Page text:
A new nanotechnology method for delivering a toxic compound only to cancer cells is reported here:
Researchers believe the remarkably versatile "nanoclinic" has the potential to be adapted for treating numerous cancers and other diseases, as well as drug-delivery and diagnostic applications, and for nonmedical applications, such as use in cosmetic and skin-care products.
The magnetic nanoclinic is a thin silica bubble, the surface of which can be customized using a peptide carrier group to selectively target cancer cells. Inside the bubble are ferromagnetic nanoparticles that exhibit a strong inclination to align in the direction of a magnetic field.
The researchers foresee patients receiving the nanoclinics—which would be taken up by cancer cells but not normal cells and tissue—intravenously or by injection at the tumor site. They then would undergo an MRI procedure that would "switch on" the destructive capability of the particles, causing the membranes of cancer cells to rupture.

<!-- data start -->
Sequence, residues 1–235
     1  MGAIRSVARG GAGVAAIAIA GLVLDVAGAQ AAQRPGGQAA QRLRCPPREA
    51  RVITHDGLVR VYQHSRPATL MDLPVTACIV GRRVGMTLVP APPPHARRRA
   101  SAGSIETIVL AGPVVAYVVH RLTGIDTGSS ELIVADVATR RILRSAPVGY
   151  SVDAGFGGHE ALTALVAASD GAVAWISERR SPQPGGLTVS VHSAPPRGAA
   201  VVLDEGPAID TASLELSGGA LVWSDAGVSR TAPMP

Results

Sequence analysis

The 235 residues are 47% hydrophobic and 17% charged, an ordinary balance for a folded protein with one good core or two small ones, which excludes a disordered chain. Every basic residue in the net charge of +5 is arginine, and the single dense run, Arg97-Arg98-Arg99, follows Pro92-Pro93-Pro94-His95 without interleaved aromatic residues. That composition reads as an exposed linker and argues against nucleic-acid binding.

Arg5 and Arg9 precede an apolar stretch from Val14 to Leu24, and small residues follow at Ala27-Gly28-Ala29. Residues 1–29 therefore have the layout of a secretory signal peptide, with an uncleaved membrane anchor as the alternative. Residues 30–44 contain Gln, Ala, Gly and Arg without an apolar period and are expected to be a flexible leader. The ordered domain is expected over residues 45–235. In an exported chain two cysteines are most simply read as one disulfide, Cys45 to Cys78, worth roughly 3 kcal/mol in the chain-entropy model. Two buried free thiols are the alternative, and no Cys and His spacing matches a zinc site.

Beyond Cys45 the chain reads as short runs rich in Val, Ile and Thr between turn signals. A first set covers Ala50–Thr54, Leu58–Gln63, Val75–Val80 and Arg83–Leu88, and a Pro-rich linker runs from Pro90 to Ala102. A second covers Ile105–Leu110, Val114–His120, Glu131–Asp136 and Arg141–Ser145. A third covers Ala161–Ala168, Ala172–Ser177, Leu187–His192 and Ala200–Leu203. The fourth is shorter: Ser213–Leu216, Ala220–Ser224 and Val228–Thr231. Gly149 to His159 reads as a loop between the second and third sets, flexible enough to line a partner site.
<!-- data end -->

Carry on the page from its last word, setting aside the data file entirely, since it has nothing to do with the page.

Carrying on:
In a scientific paper in press with Biomedical Microdevices, the UB and Nanobiotix scientists describe how magnetic nanoclinics, less than 70 nanometers in diameter, can selectively destroy human breast and ovarian cancer cells in vitro when a magnetic field is applied. Studies are under way in animals aimed at demonstrating the selective uptake of nanoclinics by tumor cells.
What isn't clear from this is just how exactly are they getting the magnetic nanoclinic to be taken up only by the cancer cells. Have they solved that problem in a way that will work across a large assortment of different types of cancers? Do they need to get a sample from each tumor of each cancer sufferer and then look for a unique surface protein to build a binding peptide to match it? That strikes me as the hardest part of the problem.
|Share |||Randall Parker, 2002 November 14 12:27 AM Nanotech for Biotech|